Baltimore, MD – Last week, an artist in Baltimore began writing names of fatal victims of the police force along the sidewalk. She began with victims killed on May 1st of 2013 and wrote every name that was recorded until the present day. Names stretched from Penn Station to a George Washington monument in the middle of the city, which is nearly a mile in distance.
Violence isn’t the only thing happening on the streets of Baltimore.
The nation has seen a barrage of images of the rioting that erupted in the city Monday after the funeral for Freddie Gray, a 25-year-old black man who was gravely injured while in police custody this month and later died. Rioters hurled rocks. They burned patrol cars. They looted.
But there were also peaceful protests. There were residents thanking police. And on Tuesday, with schools closed and streets quiet, volunteers worked to clean up their city.
Photographer and college instructor Nate Larson captures a scene among many acts of citizenship seen in Baltimore, MD in the past few days during the Baltimore protests for the killing of Freddie Gray – the Human Wall separating protesters from police constructed by Baltimore residents.
Nate Larson’s HOLDING THAT LINE, PART TWO
Earlier today, I photographed the #Baltimore protests at North Avenue & Pennsylvania Avenue with my students from #MICAphoto. I was struck by the line of police blockading the street and made a portrait of each of the 27 officers comprising the human wall.
This evening, I went back, and there were 26 citizens forming a human wall, separating the crowd from the police, for their mutual protection. My heart was heavy all day but lifted at this spirit of self-sacrifice and generosity. I made a portrait of the 22 members that gave their permission.
The bills will allow police to wear body cameras, increase the liability cap for lawsuits against government employees, and encourage the state to collect more data on police behavior.
But more substantial reforms, including legislation to add a civilian review process and to have state prosecutors investigate all killings by police, were shot down during a legislative hearing in Annapolis earlier this year.
Baltimore violence follows in tragic pattern
Rachel Maddow reviews the recent history of civil unrest in response to police violence against people of color, exposed to the public by a series of mostly civilian sourced videos.
When nonviolence is preached as an attempt to evade the repercussions of political brutality, it betrays itself. When nonviolence begins halfway through the war with the aggressor calling time out, it exposes itself as a ruse. When nonviolence is preached by the representatives of the state, while the state doles out heaps of violence to its citizens, it reveals itself to be a con. And none of this can mean that rioting or violence is “correct” or “wise,” any more than a forest fire can be “correct” or “wise.” Wisdom isn’t the point tonight. Disrespect is. In this case, disrespect for the hollow law and failed order that so regularly disrespects the rioters themselves.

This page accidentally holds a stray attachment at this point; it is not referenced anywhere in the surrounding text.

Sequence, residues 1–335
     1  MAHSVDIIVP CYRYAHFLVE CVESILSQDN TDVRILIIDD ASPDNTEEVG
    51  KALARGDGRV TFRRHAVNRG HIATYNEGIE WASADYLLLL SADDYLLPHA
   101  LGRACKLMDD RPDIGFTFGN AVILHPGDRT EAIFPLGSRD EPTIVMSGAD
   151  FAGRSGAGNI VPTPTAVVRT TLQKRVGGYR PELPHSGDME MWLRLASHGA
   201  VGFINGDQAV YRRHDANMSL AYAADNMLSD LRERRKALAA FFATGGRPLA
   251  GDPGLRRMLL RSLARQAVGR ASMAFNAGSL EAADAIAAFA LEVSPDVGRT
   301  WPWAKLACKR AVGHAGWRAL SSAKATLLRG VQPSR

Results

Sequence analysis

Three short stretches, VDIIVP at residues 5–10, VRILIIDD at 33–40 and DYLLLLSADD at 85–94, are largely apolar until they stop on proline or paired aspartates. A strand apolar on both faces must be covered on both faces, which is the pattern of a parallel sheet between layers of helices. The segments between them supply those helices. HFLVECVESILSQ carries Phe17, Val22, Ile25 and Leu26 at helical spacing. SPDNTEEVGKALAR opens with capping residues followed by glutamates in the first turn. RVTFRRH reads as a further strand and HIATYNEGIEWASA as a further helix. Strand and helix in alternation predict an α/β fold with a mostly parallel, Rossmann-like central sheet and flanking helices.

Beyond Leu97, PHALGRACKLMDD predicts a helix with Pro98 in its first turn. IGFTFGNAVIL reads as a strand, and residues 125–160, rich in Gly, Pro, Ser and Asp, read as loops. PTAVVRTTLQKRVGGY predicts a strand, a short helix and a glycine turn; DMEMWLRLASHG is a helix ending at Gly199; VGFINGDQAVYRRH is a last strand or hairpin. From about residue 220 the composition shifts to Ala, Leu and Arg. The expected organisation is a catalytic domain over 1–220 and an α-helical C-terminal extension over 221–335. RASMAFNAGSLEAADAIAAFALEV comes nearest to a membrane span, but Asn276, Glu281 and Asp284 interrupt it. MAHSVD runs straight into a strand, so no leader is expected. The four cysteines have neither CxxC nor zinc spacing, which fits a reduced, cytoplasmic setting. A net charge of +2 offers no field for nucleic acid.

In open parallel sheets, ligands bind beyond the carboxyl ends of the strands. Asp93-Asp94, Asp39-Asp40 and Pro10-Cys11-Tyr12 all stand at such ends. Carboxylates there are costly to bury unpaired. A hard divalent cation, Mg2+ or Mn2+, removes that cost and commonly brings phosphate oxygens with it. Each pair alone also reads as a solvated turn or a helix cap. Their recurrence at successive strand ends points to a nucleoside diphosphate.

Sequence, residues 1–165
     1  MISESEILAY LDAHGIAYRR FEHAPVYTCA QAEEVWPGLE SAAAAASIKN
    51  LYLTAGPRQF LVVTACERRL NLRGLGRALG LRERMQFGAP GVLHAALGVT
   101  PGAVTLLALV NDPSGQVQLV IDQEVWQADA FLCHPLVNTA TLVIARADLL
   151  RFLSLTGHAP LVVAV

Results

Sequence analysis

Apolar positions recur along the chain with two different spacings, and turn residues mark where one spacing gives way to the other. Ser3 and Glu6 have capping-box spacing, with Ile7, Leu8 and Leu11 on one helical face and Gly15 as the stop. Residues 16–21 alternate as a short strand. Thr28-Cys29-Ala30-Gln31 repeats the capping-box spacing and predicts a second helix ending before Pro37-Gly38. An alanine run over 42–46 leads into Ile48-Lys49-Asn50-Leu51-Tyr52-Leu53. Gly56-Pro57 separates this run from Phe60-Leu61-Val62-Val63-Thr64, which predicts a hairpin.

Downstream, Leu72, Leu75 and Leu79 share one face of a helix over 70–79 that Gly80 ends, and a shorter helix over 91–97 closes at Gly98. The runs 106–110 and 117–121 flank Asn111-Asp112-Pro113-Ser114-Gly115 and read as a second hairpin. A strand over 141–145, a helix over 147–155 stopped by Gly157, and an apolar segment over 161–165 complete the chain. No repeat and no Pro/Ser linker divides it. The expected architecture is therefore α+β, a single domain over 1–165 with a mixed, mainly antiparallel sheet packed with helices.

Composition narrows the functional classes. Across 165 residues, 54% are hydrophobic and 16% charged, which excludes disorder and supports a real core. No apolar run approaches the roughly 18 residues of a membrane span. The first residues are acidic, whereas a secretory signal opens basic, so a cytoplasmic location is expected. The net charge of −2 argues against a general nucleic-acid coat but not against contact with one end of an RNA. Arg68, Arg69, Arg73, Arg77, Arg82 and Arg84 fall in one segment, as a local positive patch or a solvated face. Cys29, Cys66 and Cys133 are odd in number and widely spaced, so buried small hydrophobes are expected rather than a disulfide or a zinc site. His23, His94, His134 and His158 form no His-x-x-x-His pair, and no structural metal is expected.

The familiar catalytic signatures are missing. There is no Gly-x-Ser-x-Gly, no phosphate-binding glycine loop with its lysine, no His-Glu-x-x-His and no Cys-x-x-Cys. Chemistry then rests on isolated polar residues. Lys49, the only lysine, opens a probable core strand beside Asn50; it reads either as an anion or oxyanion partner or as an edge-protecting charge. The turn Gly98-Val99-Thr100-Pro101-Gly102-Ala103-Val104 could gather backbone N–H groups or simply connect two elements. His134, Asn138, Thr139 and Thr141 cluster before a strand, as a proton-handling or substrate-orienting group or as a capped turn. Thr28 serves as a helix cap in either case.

This excellent article from The Atlantic explicates the historic violent policing of Baltimore citizens. The video documents an earlier incident where the charges against the defendant were dropped and restitution later paid to the now recognized victim of legalized violence. #FreddieGray #BlackLivesMatter
What’s crucial to understand, as Baltimore residents take to the streets in long-simmering frustration, is that their general grievances are valid regardless of how this case plays out. For as in Ferguson, where residents suffered through years of misconduct so egregious that most Americans could scarcely conceive of what was going on, the people of Baltimore are policed by an entity that perpetrates stunning abuses. The difference is that this time we needn’t wait for a DOJ report to tell us so. Harrowing evidence has been presented. Yet America hasn’t looked.
I include myself.
Despite actively reading and commenting on police misconduct for many years, I was unaware until yesterday that the Baltimore Sun published a searing 2014 article documenting recent abuses that are national scandals in their own rights.
A grandmother’s bones were broken. A pregnant woman was violently thrown to the ground. Millions of dollars were paid out to numerous victims of police brutality.
And almost none of us noticed!
So I join all who say that protests in Baltimore should remain peaceful, and I will continue to withhold judgment about Gray’s death until more facts are known.
But I also insist that Baltimore protests are appropriate regardless of what happened to Freddie Gray, as is more federal scrutiny and intervention. Although much was rightly made of Ferguson’s racially unrepresentative local leadership, the presence of a black mayor and a diverse city council has not solved Baltimore’s police problem, partly because the DOJ responded to revelations of epidemic brutality with less than the full-scale civil rights probe that some residents requested and because Maryland pols have thwarted reform bills urged by city leaders.